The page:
There is one very important issue which has not been raised by anyone, as I have listened to all reports from the election observers , until now , that is the buying and selling of votes and loyalty. According to my estimate this has amounted to not less than one billion US dollars over the last two years.
For the last year and in every Sudanese region, the issue of buying the loyalty of tribal and community leaders has been happening. This has not been by investing in their communities in terms of health, education and other services but instead in a crude way, by bribing them with cash or other material resources or jobs. Above all, it is cash. That has occurred not only for traditional leaders, but political parties also. The recent row about the amount given to the Umma Party, just two days before the election is one example. This amount was given in cash , and not through bank transfer or cheque and without any signature from the recipient. Until now we don’t know whether it was two million Sudanese pounds (US$ 800,000) or four million (US $1,600,000). It was a bribe for the Umma Party to participate in the election. We don’t know from where this amount was paid and what was the budget line, whether it was from the public purse or not.
In the run up to the election, people were talking about putting up your candidateship for election and then bargaining to withdraw it. If you stand down in favour of the NCP candidate, you will be paid. The price normally depends on the expected number voters who might vote for you. Tens of candidates withdraw their candidateship in favour of the NCP candidates and people were talking about the price they were paid for this.
My younger sister put up her candidateship for the Assembly of South Kordofan but I persuaded her to withdraw as I did not think it was worthwhile running. One of our relatives was unhappy about that decision as he believed she should have waited to be paid before withdrawing her candidateship, as she was expected to get many votes .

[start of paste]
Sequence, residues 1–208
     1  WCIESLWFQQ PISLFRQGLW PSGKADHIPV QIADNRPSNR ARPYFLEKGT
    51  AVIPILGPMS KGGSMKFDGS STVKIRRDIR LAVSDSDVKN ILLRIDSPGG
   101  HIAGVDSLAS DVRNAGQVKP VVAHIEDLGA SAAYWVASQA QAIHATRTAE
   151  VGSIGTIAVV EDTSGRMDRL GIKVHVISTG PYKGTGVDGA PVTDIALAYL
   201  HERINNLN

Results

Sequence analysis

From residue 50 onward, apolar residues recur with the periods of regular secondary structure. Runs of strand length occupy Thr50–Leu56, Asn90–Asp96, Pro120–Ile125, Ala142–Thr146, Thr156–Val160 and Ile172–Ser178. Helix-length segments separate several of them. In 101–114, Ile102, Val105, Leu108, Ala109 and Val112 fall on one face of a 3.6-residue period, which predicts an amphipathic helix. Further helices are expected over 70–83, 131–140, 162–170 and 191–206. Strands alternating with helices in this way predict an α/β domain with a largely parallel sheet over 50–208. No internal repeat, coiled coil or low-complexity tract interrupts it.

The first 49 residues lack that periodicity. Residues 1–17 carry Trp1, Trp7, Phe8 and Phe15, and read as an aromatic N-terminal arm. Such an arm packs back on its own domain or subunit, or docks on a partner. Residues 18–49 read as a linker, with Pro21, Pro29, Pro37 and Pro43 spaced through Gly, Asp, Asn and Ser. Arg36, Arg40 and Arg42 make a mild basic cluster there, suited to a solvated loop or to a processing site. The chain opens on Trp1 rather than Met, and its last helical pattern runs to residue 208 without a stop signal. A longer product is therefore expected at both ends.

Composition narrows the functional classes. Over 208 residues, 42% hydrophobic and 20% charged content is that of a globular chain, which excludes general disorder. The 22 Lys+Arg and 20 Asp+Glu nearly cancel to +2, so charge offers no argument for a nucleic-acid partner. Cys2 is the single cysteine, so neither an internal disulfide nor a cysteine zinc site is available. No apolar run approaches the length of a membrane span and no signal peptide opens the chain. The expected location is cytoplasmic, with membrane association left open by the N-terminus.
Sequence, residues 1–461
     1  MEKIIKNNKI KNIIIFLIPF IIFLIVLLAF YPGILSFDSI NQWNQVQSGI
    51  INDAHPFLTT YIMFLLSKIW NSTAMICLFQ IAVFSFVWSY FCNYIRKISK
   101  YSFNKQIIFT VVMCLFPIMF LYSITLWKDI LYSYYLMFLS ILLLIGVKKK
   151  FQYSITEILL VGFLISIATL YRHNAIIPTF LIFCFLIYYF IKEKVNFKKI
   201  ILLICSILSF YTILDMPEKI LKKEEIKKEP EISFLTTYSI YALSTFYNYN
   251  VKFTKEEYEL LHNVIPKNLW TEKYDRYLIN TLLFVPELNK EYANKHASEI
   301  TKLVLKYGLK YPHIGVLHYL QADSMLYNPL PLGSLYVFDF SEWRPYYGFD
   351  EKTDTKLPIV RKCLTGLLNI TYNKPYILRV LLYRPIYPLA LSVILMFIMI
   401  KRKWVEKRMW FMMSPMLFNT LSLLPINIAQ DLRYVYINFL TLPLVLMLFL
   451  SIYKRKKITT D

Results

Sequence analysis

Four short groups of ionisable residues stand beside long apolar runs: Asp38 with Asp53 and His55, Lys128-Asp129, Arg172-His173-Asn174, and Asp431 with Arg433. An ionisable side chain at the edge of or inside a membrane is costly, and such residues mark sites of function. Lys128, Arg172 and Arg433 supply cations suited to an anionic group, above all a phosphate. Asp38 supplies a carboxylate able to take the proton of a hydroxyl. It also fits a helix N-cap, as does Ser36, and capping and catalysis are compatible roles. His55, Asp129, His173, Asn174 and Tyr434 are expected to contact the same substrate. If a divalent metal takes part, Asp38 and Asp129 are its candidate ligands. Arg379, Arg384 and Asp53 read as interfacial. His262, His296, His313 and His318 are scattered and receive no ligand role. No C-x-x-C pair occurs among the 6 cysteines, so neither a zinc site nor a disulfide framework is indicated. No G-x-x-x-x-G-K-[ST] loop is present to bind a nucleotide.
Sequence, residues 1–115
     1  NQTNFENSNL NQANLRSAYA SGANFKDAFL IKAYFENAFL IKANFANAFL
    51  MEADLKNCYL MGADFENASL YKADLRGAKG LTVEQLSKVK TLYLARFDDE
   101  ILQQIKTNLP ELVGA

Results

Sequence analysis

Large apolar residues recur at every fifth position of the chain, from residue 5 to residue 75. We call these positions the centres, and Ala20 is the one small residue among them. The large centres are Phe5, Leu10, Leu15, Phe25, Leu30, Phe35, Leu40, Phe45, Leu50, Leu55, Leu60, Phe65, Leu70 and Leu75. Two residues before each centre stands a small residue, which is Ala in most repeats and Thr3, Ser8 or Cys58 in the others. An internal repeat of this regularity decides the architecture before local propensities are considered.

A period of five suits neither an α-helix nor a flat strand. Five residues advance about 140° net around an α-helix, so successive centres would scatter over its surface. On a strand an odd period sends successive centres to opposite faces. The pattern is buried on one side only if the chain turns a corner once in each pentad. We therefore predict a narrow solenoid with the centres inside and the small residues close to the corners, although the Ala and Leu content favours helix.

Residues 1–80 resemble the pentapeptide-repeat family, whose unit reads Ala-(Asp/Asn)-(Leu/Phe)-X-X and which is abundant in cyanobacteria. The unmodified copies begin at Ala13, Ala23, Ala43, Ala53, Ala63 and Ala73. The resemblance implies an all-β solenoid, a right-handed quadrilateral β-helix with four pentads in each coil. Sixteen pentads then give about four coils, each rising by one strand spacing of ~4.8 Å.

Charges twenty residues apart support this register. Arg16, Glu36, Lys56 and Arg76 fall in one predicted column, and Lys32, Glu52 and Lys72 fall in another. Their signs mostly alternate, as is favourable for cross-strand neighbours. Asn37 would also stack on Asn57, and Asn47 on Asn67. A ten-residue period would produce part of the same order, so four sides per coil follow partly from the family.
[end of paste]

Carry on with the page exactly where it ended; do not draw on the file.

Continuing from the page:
MY colleague Alex de Waal uses the terminology, “dollarization of the political marketplace.” I think that what happening in Sudan, and one of the main reasons why the NCP controls the political scene is because it has huge financial resources as it controls the government and the economy. But instead of using those resources to the benefit of the impoverished Sudanese people it uses it to corrupt public life. The resources the NCP is using are public resources, at the time which the government is not able to pay teachers and nurses’ salaries. Instead of using public monies for development and services, they use scarce resources to corrupt public life. One example which every Sudanese knows about is the rise in the price of sugar, in October 2009, when the price went up 100% at the very start of the sugar production season, at a time when there was no shortage of sugar in the market. In less than one month that measure raised around 52 million Sudanese pounds (22 million US dollars). The sugar trade in Sudan is controlled by 30 merchants, many Sudanese know their identities. This extra profit was not extra income to the treasury but was for the trader alone. I have tens of example of those types of transactions. Their political significance is that the NCP and its supporters have a complete monopoly over the Sudanese economy and whenever they want to fundraise they manufacture shortage in one of the strategic commodities (e.g. sugar, cement etc.). In addition, the question of how much is the actual income from the sale of oil, the main source of government income , is not answered. The actual figure of the country’s income from oil in the last ten years remains a secret, but people have the right to know.
What happened in Darfur recent, especially in al Fashir the scam centred on the al Mawasir (pipes) market, is another example. This was a pyramid or Ponzi scheme, in which you the seller is offered more than double the price of his commodity by accepting a post-dated cheque. Like all Ponzi schemes, that led a few people to make huge sum of money and lasted as long as there were new and gullible sellers. The scheme works on the basis of doubling the number of customers in every round, which means there are always more people who are owed money than those who have gained. In the end, the al Mawasir scheme collapsed and caused many to lose all their capital. There are strong rumours linking the whole operation to the election and the success of one specific political party and its candidate. An unanswered question is, where did all the cash come from that made the scheme work?
Corruption has become the norm in Sudanese public life and that what the “civilization project” has led us to.